• Work locally on the ground –with local people holding power and resources to apply transformative change at a local level in a way that works for them, nature and climate right where they live.

Figure 1 Doughnut Diagram by Kate Raworth



Figure 2: The UN Sustainable Development Goals

What does this mean for environmental professionals, CIEEM, its members, and the work we do?

As a profession we need to transform our thinking, culture and ways of doing things and let go of linear thinking[6], narrow focus, natural science and technical solutions only, experts decide, risk averse, top down decisions and governance, onerous procedures, and incremental and small change.

We need to be more ambitious and act to: adopt Systems Thinking, do inclusive decision making to co-design and co-deliver non-linear change for multiple benefits, freely share knowledge and resources, harness creativity and innovation, be adaptive and flexible. And free ourselves from unhelpful systems and procedures that fetter our ability to change at pace. Then we can be nimble and able to support others in the urgent challenge we all face.

It also means acting and influencing for Transformative Change strategically. For example for: nature positive economies in UK countries, good quality of life through sufficiency and genuinely sustainable consumption, circular economy, rejection of GDP and replacement with an alternative based on wellbeing and intergenerational equity(because what we measure drives our attention and action), arguing and acting for nature to receive a great deal more climate funding (estimates are that nature can provide  30% of climate mitigation and adaptation but receives just 3% of climate funding).

Within our sphere it would include: acting so all projects result in net environmental benefit and  regenerative land, water and marine management and use; ensuring initiatives such as the governments 30x 30 pledge deliver genuine rich nature not mere paper parks and are co-produced with local and, if relevant, indigenous peoples (not based on excluding  fortress conservation[7] models); accelerating nature based solutions, green cities, and equitable and inclusive access to the benefits of green space.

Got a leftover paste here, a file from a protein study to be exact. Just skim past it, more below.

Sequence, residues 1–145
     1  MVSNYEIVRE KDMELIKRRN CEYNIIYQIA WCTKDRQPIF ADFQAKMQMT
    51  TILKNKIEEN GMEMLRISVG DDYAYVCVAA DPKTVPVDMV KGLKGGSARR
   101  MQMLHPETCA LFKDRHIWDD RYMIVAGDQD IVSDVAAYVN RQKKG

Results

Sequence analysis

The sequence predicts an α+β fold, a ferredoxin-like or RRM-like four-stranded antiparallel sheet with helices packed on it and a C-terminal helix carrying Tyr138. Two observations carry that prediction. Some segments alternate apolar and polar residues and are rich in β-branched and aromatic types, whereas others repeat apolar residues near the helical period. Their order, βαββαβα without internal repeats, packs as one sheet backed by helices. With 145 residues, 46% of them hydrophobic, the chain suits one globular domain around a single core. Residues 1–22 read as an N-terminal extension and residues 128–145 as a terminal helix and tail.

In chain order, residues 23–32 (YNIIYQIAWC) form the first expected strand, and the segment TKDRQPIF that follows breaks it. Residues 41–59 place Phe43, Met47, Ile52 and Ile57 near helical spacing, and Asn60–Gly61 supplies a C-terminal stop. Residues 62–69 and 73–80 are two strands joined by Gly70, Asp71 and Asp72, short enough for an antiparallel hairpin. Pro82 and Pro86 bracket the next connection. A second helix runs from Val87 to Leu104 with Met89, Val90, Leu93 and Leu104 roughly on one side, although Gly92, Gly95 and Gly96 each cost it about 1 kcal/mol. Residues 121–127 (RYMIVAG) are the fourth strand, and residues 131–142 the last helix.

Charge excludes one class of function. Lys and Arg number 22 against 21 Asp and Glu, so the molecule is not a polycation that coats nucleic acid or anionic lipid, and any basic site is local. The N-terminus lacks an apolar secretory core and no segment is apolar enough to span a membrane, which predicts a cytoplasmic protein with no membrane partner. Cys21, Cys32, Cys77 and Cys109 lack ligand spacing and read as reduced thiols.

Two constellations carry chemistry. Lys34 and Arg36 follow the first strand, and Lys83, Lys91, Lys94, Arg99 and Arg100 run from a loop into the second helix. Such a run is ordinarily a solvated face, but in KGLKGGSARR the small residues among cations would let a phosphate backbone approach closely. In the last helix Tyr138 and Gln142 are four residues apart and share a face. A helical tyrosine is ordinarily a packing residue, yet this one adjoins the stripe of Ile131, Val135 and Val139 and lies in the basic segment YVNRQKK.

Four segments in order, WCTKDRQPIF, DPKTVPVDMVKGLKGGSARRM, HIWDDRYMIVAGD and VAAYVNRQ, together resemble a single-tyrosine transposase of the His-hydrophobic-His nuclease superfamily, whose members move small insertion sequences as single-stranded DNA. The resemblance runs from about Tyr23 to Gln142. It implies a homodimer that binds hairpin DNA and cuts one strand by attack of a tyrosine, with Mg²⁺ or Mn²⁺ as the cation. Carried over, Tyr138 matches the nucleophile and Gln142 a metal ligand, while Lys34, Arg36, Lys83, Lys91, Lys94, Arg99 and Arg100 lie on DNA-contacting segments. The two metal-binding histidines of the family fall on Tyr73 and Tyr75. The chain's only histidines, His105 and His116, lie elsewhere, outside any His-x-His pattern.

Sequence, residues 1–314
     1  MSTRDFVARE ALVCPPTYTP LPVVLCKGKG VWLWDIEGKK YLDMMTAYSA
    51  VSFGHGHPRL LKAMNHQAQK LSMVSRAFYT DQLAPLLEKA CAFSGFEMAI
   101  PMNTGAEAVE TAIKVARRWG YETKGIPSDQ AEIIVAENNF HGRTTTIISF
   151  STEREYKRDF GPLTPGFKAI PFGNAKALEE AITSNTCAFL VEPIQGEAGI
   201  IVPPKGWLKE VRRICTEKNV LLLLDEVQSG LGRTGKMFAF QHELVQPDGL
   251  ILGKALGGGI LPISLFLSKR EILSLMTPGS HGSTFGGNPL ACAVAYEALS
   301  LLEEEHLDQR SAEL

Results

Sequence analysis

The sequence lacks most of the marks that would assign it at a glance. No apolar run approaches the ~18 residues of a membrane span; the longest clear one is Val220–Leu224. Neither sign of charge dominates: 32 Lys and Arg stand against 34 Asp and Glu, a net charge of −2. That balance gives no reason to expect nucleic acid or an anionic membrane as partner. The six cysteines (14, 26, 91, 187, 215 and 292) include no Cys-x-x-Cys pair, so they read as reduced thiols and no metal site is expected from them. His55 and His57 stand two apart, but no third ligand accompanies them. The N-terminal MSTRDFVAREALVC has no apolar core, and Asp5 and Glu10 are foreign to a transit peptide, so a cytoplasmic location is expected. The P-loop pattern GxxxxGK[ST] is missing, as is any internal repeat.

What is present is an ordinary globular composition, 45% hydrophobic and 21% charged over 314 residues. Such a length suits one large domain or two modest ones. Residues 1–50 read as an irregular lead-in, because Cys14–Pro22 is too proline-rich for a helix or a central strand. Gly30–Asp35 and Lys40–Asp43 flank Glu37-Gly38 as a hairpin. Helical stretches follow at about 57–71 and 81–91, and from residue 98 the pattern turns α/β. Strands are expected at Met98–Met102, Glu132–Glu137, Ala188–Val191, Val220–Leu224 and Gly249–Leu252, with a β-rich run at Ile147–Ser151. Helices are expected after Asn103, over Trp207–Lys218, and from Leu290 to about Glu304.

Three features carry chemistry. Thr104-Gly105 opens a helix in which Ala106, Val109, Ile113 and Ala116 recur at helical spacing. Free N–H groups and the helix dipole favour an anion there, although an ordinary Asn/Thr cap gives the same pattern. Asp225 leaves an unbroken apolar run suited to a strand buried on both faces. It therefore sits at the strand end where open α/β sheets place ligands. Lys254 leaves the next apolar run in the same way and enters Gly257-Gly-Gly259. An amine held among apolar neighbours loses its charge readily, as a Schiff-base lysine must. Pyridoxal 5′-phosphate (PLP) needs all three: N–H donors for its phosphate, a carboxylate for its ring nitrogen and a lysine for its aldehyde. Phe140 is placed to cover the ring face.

This is just an introduction and overview. We recommend CIEEM urgently considers what Transformational Change means for CIEEM: as an entity, for strategic work, and how to catalyse and amplify change working with and through CIEEM members at all the scales we work at.

Figure 3 The IPBES (2019) Vision of intervention and leverage points for transformation[8]

Diana Pound CEnv FCIEEM

Diana has a background in protected area management on land and sea and 25 years’ experience of managing, designing and facilitating multi-stakeholder Consensus Building and Stakeholder Dialogue working at local, national, international and global levels, on a range of nature and climate related topics. Since setting up Dialogue Matters she has designed and facilitated over 120 processes and worked in 28 countries. She also carries out participatory research and provides advice to a wide range of organisations including Governments and International Bodies. Her work has won multiple awards and she was personally given the IUCN CEC Award for Excellence in West Europe in 2019 and second/highly commended in the highly prestigious UK Professional Environmentalist of the Year Award.

[1] 2020 Towards a sustainable future: transformative change and post-COVID-19 priorities A Perspective by EASAC’s Environment Programme. ISBN: 978-3-8047-4199-7. This Perspective can be found at www.easac.eu

[2] Unpublished – Dialogue Matters training on participatory systems thinking

[3] As above

[4] Kate Raworth, Doughnut Economics

[5] The ability of a social unit or group to tolerate, absorb, cope with, and adjust to external stresses, disruptions and disasters.

[6]  Linear thinking is a natural human bias to thinking that one thing leads to another in a stepwise fashion and it comes with the related assumption that the fix to complex challenges is logic and rational analysis.

[7] Fortress conservation has its roots in colonialism. It is a top down approach to nature conservation delegitimising and curtailing or excluding human activities and traditional uses.  This is not just about what happens overseas: some UK wilding projects have uncritically/unconsciously operated with these values towards local people.

[8] IPBES (2019). Summary for policymakers of the Global Assessment Report on Biodiversity and Ecosystem Services of the Intergovernmental Science-Policy Platform on Biodiversity and Ecosystem Services. Chapter 5. Pathways towards a Sustainable Future. https://doi.org/10.5281/zenodo.3553579